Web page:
Oh well. :(
We'll figure it out one day, hopefully.


message 4: by Zach (new)

Zach Tyo (ztyo) | 55 comments I think its natural for all authors to feel this way. What you have to do, in my opinion, is focus on what makes your writing special. There are authors who can make you cry with what seems like little effort. Others can make you feel fear, even when movies and other stories have jaded us. Still others can have us sitting on pens and needles.

Your writing will affect someone in the way you intend it to, sometimes it may take years to hit that right note with that right audience.

As far as authors becoming successful I think those authors just help us. Nobody wants to be compared to Rowling, King, or Faulkner. But those authors are paving, or have paved, the way for the rest of us. They've created more readers whose demands need met. All we have to focus on is quality writing and the readers will come...though they haven't found me yet.


message 5: by K.C. (new)

K.C. Knouse (kcknouse) | 7 comments Madison wrote: "So I was reading a story today, and I got so invested in it that halfway through when there was a sad moment, I started crying.

Now I know it doesn't take a lot to make me cry (I'm sappy), but sti..."


Madison, if you write something that moves you, it will move others in the same way. If you create characters to which you become attached, others will become attached to them in the same way.


message 6: by Barbara (new)

Barbara Tarn (barbaragtarn) Madison,
remember this:
1) writers are the worst judges of their own work
2) I'm sappy when I read other people's work, but I can never ever cry on my own. But one day a long time ago at the end of the 20th century, when I was still in high school and gave my notebooks to classmates, I discovered that #1 is actually a rule: a story that didn't make me cry at all made my classmate turn to me with tears running down her cheeks and saying "This story is so beautiful and moving!" - it was just another love story to me...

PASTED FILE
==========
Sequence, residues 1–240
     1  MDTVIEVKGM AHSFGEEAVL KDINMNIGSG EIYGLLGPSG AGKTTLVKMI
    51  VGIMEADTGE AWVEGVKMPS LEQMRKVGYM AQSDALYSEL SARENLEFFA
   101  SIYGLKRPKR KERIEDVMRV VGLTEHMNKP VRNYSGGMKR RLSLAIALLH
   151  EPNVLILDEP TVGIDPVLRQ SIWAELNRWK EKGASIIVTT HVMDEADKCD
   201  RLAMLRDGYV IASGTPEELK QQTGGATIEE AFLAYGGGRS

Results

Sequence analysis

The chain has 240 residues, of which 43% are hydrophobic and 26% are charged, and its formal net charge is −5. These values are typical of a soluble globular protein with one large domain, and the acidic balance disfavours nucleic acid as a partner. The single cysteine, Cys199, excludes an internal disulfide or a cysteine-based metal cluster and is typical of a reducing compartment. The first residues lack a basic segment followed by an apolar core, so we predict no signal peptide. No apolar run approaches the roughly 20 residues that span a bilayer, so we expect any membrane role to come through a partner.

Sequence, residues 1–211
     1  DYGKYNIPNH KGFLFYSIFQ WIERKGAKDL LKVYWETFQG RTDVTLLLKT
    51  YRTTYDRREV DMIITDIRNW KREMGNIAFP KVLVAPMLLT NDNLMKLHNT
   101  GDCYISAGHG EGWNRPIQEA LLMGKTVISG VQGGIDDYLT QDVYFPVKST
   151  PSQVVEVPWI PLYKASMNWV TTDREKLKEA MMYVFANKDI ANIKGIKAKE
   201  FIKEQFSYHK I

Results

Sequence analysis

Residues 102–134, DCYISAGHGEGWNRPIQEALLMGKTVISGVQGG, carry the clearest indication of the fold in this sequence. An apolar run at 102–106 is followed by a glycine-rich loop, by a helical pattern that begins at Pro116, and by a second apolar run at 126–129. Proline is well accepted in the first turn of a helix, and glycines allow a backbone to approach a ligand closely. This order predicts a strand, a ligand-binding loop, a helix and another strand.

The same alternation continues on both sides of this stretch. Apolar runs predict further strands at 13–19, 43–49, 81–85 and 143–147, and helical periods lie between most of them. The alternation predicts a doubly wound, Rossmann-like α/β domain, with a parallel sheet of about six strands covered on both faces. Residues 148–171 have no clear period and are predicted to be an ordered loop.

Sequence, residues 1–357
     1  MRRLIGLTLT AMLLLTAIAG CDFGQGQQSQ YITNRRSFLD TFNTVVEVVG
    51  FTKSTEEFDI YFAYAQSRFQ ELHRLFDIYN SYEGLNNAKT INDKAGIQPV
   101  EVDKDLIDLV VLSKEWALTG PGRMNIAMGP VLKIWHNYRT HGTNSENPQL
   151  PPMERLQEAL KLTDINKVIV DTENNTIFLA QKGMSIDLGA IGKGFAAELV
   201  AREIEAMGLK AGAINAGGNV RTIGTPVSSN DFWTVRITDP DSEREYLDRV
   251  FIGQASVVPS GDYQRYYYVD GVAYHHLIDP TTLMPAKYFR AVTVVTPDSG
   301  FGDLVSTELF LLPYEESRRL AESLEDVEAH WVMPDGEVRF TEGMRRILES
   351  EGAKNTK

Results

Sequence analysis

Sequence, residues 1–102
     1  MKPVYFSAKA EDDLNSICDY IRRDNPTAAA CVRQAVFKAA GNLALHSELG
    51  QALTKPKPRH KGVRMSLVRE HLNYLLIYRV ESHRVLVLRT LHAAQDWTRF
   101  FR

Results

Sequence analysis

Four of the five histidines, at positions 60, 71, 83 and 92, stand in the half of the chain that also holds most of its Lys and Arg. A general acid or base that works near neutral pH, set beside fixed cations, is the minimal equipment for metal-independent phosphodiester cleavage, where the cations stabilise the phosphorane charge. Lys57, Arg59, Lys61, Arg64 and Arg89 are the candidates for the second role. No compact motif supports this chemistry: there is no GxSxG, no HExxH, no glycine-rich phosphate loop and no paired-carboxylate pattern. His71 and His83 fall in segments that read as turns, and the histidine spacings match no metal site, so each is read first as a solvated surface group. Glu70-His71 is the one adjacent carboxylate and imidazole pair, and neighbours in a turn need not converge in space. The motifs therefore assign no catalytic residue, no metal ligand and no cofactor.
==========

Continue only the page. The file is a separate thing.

So don't worry, keep writing, stick to your voice.
Only now - 30-40 years later - I sometimes (and I stress "sometimes"!) feel a lump in my throat when I write or reread my own stuff. And I still cry for books or movies.
Just my two cents! :) Happy writing!


message 7: by Stan (new)

Stan Morris (morriss003) | 140 comments The older you are, the more chances you've had to experience strong emotions. As I'm writing, I remember those times and try to bring that experience to my writing. The joy of seeing my first child in a crib. The happiness of an experience shared with my wife. The sadness of losing someone. The pain of remembering when I've hurt someone I should not have hurt. The pain of being hurt by someone who should not have hurt me.


message 8: by Ann (new)

Ann Reed (anncampbellreed) | 1 comments Remember, behind every amazing book is an equally amazing editor! Great authors also require beta readers, multiple edits and revisions, and tinkering to get their work to the finished product you love. Not that you should depend on editors to make your work what you want it to be, but instead realize that the authors you love have the exact same insecurities and tribulations as the rest of us!